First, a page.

Be careful if you try to draw lessons from industries you do not fully understand.
In a LinkedIn article Harvard Professor Michael Wheeler surggests that the unlawful killing of a wounded insurgent in Afghanistan by a British Royal Marine could have been prevented if somebody had uttered the phrase "Marines don't do that". The post has drawn a lot of response from former and current service members basically arguing that Wheeler does not know enough about this subject.
My own concerns are on the premises of the article. The battlefield is difficult to understand to people who have not been in war or studied it extensively. And even to us it is still difficult to grasp. Read on:
The phrase “We (Marines) don’t to that” would work well to interrupt most situations. Referring to our core values in a direct manner is a strong argument. However, there two premises for that to work:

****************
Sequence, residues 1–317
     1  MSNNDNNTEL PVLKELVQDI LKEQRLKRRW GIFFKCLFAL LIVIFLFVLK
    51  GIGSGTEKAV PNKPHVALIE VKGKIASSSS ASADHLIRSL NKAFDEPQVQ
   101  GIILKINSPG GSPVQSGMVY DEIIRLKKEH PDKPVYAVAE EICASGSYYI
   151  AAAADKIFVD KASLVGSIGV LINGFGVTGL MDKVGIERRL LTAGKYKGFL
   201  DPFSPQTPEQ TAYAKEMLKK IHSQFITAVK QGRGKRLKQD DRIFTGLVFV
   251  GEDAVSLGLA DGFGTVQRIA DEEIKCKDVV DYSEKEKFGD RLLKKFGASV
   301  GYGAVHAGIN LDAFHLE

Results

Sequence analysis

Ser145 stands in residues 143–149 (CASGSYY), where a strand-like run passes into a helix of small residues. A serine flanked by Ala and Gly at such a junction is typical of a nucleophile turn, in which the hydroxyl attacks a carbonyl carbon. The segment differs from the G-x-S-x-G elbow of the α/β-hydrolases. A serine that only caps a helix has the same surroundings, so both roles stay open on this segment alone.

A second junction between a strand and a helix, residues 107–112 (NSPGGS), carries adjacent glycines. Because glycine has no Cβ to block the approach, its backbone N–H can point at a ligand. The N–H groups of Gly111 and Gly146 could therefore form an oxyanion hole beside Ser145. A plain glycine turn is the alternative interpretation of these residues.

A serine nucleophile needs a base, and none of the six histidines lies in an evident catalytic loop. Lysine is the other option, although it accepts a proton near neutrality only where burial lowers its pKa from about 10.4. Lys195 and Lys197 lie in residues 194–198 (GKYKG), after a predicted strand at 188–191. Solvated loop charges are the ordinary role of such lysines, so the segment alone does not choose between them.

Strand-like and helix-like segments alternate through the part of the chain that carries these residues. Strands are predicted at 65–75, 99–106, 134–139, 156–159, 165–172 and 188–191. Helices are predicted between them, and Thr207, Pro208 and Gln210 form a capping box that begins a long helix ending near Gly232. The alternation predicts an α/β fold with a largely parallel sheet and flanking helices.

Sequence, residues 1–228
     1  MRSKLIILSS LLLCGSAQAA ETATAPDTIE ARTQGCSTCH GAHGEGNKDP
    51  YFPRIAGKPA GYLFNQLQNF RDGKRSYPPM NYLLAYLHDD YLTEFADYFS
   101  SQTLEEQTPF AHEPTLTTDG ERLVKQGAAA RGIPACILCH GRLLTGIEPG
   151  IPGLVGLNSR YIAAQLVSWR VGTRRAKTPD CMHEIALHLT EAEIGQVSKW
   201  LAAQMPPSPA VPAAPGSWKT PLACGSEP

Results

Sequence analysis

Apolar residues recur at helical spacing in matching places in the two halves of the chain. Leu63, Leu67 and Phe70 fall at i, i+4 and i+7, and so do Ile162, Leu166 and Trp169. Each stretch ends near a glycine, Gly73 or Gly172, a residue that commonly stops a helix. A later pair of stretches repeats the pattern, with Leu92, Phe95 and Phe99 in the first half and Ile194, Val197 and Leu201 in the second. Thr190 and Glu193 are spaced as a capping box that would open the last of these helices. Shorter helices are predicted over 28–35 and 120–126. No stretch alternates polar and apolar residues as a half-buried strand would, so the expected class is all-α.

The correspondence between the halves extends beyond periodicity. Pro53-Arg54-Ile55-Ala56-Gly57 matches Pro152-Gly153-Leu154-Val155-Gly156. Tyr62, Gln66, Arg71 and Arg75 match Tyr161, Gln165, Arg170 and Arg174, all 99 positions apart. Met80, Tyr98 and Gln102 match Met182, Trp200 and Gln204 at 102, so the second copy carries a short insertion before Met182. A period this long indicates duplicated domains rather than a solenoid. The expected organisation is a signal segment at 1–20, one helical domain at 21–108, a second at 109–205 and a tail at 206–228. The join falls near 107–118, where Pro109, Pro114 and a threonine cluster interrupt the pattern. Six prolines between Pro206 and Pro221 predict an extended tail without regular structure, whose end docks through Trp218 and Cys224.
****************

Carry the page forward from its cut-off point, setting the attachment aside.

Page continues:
1. We have must know what is it we do/don’t do. There are certain rules in war but just because something is legit it does not have to be right. I have always discussed moral dilemmas with my soldiers using three questions.
- Is it legal?
- Is it proportional?
- Does it feel right?
But discussion alone is not enough. Values are not incorporated via a PowerPoint slide. They have to be lived everyday by the leaders in the organization.
2. For a marine to utter that phrase “Marines don’t do that” he must be able to think rationally. When the body is full of adrenalin the pulse is pushed higher and thus we are not able to think rationally. Overlooking this fact seems to be the bulk of the criticism. In such tense situations a simple order or command that has been trained over and over again would work better than trying to spur reflection.
In the rational domain the phrase works well. In the emotional domain something else is needed.
Ethics are especially important in combat leadership. Ethics are what guide the combat leader and moral courage what helps him follow through.
Military leaders can learn a lot from business leaders and vice versa. We are never too old to learn. However, we should never try to conduct a 20/20 hindsight analysis in businesses we do not fully understand.
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